Host: How is cardiac arrest treated once a patient arrives at the hospital?
Robert O'Connor: Well hopefully they have gotten the pulse back. Hopefully, the treatment in the field has been successful. That is the person collapses, there a bystander CPR, someone with the defibrillator gets there. The patient say would then be shocked back to a normal rhythm and now they are arrived at the hospital with the pulse.
There is a variety of treatments that will help promote survival. If the person is awake, alert and oriented then they will undergo a cardiovascular evaluation, which may include things such as cardiac catheterization, rhythm analysis etcetera, monitoring lab work that sort of thing. If the person is persistently comatose, in other words, they haven't regain consciousness fully, there are other treatments such as lowering their body temperature, that a lot of centers have been using successfully and then there is other supportive measures such as supporting the cardiovascular function either through administration of oxygen or medications and then finally to have a cardiologist perhaps do a cardiac catheterization to evaluate the coronary arteries looking for a treatable atherosclerosis. That would be another form of treatment.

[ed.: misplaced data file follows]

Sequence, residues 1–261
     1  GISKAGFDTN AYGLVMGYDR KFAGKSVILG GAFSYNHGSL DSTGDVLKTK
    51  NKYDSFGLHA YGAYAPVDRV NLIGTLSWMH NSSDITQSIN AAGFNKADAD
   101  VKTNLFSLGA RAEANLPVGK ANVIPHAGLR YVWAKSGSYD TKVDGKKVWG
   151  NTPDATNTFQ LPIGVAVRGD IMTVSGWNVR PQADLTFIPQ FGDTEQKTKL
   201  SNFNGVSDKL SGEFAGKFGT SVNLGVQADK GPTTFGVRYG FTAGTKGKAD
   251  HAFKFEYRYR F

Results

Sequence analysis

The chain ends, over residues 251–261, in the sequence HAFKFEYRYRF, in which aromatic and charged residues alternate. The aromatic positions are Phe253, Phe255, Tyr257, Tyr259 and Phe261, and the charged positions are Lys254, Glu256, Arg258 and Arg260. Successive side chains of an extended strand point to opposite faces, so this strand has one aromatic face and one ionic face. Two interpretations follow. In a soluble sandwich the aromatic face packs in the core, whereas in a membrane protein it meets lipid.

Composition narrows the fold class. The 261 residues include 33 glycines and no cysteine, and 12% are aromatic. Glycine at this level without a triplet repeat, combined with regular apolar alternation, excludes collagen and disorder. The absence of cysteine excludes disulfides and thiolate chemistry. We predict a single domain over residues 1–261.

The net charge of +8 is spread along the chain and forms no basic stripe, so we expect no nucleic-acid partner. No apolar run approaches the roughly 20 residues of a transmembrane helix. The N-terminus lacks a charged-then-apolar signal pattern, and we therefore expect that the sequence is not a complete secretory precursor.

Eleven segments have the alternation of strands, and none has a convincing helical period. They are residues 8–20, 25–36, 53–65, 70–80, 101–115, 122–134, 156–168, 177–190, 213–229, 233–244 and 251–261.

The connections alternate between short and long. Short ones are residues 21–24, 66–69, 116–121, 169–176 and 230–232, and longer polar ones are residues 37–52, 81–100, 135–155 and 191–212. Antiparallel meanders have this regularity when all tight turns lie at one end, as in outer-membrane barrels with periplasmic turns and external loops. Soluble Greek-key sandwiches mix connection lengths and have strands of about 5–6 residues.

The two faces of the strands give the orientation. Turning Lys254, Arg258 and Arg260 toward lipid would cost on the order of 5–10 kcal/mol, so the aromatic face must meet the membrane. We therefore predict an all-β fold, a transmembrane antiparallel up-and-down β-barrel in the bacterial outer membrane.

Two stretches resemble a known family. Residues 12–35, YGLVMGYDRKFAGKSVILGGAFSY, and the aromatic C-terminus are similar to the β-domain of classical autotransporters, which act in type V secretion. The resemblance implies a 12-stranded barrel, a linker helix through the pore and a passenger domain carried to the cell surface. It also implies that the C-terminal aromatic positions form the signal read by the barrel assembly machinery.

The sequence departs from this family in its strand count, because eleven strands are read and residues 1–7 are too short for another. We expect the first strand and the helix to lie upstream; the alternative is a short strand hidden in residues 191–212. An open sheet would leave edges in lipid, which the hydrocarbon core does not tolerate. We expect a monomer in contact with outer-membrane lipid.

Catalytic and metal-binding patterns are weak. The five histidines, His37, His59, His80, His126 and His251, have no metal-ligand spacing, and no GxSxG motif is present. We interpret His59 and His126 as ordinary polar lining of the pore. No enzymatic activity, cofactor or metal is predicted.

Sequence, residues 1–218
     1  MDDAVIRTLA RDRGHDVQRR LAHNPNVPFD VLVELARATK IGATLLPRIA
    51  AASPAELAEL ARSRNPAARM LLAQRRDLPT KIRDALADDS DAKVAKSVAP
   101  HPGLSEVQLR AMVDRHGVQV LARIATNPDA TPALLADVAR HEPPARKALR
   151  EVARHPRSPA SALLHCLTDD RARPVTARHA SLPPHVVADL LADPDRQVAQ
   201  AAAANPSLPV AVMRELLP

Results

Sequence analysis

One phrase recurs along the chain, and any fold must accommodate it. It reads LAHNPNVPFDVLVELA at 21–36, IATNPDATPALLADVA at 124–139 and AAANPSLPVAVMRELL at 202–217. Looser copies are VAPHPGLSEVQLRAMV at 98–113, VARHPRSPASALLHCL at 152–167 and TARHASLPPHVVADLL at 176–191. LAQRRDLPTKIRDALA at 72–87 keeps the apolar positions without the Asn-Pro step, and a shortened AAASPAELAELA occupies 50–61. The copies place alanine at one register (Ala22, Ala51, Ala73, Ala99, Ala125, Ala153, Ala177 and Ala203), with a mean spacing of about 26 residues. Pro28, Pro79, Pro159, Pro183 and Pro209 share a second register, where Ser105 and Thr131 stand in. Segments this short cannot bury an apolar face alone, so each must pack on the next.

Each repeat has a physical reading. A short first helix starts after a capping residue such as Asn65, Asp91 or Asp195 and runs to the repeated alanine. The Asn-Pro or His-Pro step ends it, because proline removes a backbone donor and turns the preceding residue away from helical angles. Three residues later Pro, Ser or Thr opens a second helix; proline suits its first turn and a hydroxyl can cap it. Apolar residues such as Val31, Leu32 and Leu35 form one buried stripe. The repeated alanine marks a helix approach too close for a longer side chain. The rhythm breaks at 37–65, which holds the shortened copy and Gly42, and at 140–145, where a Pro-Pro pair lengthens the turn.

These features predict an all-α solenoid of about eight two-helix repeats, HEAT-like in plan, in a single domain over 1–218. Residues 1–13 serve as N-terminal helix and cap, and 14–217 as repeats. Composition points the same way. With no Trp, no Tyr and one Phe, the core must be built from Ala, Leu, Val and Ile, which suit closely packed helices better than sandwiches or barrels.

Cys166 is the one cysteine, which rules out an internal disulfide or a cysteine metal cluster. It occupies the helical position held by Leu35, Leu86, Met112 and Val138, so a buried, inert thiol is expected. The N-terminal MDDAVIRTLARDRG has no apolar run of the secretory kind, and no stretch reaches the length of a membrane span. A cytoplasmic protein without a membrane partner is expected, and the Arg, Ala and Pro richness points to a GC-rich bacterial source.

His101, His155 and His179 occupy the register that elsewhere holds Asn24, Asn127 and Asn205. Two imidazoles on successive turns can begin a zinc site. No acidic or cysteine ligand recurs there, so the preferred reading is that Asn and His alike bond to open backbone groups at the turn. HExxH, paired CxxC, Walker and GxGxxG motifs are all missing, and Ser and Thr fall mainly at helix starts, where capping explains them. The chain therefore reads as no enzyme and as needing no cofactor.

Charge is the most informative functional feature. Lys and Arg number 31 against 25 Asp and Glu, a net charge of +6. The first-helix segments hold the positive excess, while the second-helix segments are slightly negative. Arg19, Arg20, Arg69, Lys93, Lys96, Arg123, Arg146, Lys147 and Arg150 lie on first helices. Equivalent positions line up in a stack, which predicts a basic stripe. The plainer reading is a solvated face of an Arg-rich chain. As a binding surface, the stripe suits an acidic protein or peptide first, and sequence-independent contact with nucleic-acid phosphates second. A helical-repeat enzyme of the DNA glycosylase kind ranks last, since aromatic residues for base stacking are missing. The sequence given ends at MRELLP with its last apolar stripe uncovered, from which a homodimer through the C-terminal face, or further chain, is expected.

So you can pretty much expect the full range of therapy for a patient after cardiac arrest and number four they go home, they have to be evaluated for whether or not they need implantable defibrillator.
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